I decided to return to the UK from Japan after the Kobe earthquake struck at 5.46am, January 17, 1995. It was terrifying - like our apartment block was being shaken by King Kong.
I'd been working for the Japanese government, but when I got back to Britain, I did a PGCE and got a job at Tavistock College, where Japanese was just being introduced.
We have more than 50 GCSE candidates every year, which is amazing when there are only about 800 nationwide. Last summer, GCSE results were outstanding, with 24 of the 55 candidates getting an A or an A*.
My first lesson today is oral work with Year 10s. Japanese only has five key sounds, so it's surprisingly easy to speak.
After break, I teach a Year 6 group from one of our feeder schools. I'm an Advanced Skills Teacher - the only Japanese AST in the country - and often work with local primaries. For this group, it's their first taste of Japanese, so we do the rituals, such as how to stand, bow and greet people. They enjoy the formality - it's so different from what they're used to.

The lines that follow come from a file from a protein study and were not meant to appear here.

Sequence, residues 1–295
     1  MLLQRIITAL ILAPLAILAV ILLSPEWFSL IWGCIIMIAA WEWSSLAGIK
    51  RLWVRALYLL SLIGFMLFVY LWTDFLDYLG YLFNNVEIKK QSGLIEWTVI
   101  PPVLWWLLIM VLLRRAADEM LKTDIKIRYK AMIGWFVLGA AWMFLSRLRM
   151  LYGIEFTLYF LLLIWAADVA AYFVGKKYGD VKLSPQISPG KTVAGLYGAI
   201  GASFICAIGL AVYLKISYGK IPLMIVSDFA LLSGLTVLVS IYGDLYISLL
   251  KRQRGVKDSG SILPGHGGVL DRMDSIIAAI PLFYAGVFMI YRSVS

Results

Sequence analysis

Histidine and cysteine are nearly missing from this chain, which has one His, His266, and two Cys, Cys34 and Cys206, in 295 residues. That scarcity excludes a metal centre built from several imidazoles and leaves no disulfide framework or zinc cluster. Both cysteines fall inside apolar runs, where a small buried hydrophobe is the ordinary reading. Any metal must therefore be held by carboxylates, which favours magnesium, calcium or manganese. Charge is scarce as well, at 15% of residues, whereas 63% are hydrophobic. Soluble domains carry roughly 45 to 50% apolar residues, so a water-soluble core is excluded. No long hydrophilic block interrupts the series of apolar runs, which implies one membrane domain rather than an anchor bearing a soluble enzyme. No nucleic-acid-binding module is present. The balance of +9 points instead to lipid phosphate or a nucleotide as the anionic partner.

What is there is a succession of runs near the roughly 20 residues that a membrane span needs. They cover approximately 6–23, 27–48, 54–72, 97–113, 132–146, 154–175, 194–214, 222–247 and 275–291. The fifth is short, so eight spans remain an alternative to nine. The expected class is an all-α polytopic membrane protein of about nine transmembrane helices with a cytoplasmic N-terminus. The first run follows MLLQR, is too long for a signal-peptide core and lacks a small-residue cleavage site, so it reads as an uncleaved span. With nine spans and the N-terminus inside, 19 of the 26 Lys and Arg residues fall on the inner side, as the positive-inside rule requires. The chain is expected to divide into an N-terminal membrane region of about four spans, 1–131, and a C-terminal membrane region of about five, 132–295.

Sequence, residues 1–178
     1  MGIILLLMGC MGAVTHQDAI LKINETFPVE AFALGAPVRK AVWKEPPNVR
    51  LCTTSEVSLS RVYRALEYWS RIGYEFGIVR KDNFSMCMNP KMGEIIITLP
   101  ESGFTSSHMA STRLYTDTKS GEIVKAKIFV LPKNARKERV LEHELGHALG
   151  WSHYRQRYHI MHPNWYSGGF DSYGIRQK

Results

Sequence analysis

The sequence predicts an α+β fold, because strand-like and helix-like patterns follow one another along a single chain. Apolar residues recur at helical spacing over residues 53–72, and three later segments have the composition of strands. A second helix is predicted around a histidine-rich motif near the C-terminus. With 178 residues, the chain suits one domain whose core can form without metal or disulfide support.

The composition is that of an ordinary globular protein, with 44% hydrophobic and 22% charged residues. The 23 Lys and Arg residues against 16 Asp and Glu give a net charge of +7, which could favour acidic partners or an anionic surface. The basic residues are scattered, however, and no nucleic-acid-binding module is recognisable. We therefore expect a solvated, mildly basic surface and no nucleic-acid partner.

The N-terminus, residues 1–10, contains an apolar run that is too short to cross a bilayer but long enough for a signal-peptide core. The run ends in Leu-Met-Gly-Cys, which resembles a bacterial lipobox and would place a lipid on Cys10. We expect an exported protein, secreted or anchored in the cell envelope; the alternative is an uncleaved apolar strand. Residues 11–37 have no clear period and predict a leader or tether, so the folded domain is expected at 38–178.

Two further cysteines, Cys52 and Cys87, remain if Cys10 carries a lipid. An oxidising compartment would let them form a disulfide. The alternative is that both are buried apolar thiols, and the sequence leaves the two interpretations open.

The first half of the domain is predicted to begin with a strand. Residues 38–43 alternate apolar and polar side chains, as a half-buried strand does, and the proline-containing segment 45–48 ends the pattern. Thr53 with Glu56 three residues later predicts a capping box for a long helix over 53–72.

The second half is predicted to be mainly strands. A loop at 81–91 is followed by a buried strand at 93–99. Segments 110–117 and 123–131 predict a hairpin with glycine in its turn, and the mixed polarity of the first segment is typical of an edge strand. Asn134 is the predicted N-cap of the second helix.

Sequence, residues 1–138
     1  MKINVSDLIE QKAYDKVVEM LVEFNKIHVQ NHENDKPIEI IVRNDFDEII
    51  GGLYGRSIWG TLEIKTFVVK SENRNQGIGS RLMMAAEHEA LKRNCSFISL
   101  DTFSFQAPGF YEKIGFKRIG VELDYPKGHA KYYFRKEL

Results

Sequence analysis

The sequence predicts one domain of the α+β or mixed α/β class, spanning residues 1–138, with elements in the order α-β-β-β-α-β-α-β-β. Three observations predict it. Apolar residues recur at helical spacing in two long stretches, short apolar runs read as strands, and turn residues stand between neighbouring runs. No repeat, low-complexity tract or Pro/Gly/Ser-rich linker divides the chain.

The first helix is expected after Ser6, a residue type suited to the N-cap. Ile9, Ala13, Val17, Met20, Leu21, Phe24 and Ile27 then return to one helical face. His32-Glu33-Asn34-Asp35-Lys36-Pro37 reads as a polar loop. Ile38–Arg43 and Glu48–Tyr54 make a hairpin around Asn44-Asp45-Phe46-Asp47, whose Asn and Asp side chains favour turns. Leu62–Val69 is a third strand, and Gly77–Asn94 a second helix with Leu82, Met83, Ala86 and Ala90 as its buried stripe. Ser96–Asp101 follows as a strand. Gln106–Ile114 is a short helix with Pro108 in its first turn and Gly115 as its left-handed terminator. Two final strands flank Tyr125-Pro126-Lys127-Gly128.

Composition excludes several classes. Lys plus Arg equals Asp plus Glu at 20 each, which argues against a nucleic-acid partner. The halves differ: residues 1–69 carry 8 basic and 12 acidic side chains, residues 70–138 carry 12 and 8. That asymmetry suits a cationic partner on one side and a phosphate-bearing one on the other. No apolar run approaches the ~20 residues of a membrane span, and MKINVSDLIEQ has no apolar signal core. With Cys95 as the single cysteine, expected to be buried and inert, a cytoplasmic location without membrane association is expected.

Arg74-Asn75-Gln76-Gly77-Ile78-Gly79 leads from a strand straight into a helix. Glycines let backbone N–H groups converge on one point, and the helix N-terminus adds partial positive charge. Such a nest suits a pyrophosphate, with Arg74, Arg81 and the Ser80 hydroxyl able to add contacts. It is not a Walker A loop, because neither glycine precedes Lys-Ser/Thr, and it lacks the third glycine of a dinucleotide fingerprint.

During lunch, I meet the 30 pupils who are going to Tokyo in November to visit our partner schools. I'm trying to prepare them for a wonderful, life-changing experience. But there are worried faces when I explain how little personal space they'll have, and that their exchange partners may want to accompany them everywhere, even to the bathroom.
In the afternoon, I spend time with a new teacher who's joining our department. Then there's a staff meeting at which I'm able to report that one of our pupils has come second in the World Children's Haiku Contest.
After school, I do 80 lengths of the college outdoor pool and cycle home. The Japanese love endurance events and during my time there I got a taste for triathlons. I like a challenge.
Crispin Chambers, 45, was talking to Steven Hastings
1996-now: Head of Japanese, Tavistock College, Devon
1995: PGCE, Nottingham University
1993-1995: Civil servant, Kobe, Japan
1990-1993: MA, Japanese Studies, Sheffield University.